About eight years ago, we adopted a dog through a local rescue organization. When we saw pictures of the puppies online, we were initially taken by how unique they looked. The mother, a Husky mix, had a litter of six that showed very few Husky characteristics. Some of the dogs had brown eyes, a few had blue eyes, and one had one blue and one brown eye. Their fur was a sleek amber tan with a tell-tale ridge down their backs, leading the adoption agency, foster family, and veterinarian to assume that the father was a Rhodesian Ridgeback. We came home with one of the two females from the litter who had one blue and one brown eye. We named her Honey, and she has completed our family.
After having Honey home with us for a few days, we took her for a check-up at our local veterinarian. As with any new puppy, the whole office staff was taken by her adorableness. But, what they were all surprised by, was her unique look. The Husky eyes, Ridgeback coloring, and ridge, and there was something else, a hint of some other breed, too. When talking with the doctor we told her that the foster family believed the mother had some other heritage besides Husky. The doctor thought it might have been some Border Collie lineage. He told us that if we were interested, they could perform a DNA test on Honey to find out.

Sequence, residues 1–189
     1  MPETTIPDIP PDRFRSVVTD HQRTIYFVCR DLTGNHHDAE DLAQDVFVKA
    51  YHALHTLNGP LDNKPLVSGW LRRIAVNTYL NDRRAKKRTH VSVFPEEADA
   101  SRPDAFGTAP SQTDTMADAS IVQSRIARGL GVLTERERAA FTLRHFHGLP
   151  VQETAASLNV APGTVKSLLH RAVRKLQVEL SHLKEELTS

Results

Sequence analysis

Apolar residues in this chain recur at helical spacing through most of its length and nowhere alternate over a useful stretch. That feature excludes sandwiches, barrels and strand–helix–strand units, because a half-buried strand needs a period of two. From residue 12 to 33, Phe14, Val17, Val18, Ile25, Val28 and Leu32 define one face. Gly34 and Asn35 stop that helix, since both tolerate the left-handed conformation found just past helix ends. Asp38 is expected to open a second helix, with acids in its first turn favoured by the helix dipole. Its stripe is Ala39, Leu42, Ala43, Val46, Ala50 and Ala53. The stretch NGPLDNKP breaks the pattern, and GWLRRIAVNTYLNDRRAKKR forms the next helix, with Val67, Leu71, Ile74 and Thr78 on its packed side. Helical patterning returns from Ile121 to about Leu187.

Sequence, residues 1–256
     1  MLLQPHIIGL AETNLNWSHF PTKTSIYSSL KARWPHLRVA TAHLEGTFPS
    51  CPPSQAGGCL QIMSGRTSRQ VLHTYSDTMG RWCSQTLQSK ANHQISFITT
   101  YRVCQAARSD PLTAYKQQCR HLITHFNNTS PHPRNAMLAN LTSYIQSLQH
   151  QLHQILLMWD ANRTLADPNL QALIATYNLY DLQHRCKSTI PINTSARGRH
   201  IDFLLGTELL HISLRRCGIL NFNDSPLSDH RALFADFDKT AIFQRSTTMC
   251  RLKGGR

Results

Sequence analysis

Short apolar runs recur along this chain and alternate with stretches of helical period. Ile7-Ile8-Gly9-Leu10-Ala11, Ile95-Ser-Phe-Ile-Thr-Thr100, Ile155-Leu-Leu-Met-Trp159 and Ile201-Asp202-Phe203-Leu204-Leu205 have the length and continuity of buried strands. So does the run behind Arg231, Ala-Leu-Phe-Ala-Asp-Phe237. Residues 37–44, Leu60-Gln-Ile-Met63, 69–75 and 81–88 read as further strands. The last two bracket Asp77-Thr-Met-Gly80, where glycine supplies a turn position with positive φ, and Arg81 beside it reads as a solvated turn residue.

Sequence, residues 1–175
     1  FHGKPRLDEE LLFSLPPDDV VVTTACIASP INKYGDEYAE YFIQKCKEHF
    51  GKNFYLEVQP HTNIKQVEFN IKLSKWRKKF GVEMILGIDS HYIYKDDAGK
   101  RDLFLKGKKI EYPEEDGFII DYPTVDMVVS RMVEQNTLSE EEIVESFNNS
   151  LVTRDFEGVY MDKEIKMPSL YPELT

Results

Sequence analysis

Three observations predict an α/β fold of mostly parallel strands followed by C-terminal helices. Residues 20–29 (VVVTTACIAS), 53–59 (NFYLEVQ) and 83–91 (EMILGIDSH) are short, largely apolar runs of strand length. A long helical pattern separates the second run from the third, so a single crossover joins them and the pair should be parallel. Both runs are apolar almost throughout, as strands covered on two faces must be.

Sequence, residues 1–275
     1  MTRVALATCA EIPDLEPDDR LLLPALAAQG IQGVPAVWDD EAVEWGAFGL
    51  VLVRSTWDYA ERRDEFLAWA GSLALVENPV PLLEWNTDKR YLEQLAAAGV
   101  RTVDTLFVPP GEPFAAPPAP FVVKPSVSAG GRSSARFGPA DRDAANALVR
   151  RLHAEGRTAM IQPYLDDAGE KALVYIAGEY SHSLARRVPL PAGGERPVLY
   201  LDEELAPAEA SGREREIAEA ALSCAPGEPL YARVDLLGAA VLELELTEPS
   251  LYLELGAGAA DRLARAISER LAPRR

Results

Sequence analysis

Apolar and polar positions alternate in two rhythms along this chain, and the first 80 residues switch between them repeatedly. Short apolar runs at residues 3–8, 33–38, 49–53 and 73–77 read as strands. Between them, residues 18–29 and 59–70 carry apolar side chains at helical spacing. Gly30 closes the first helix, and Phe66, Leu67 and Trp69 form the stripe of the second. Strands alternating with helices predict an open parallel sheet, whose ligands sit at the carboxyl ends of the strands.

At the time, DNA testing was not as common as it is now. It was expensive, and didn’t seem to hold any other value other than knowing what type of dog we had, so we declined. Fast forward a few years, and at home DNA testing has become hugely popular. Thanks to revolutionary advances in sample collection and the computer methods used to sequence DNA, a person can easily take a DNA test from the comfort of their home for less than $100. And, while it is considerably more expensive, whole genome sequencing is now available to the public too. These tests can satisfy your curiosity by showing you your family lineage or helping a doctor uncover medical mysteries that can improve your quality of life.
A few months ago, our next door neighbors adopted an adorable puppy. The foster family named the puppy Saint. Because of the dog’s name and coloration, they assumed the parents were Saint Bernards. But, out of curiosity, they decided to find out. Just as home DNA tests have advanced, the same process for our pets has advanced as well. When Honey was a puppy, we would have had to bring her into the vet’s office for blood work, wait several weeks for results, and pay a hefty bill. Now, you can order an at home pet DNA test kit from sites like Amazon and Chewy for around the same cost as a human DNA test kit.
Examples of these kits include Embark, Wisdom Panel, and Orivet. Administering one of these tests to your pet is as simple as taking the test yourself. The tests come with an online activation code, a swab sponge, a collection tube, and self addressed return mailer pack. Embark recommends waiting at least 30 minutes after your dog has eaten or had anything to drink before administering the DNA test. Then, as instructed on the test package, “Swab the lower cheek pouches for 30 to 60 seconds to fully soak the sponge. Insert the swab into the tube with the tip facing down. Close cap and shake 10 times.” The process is quick, simple, and inexpensive.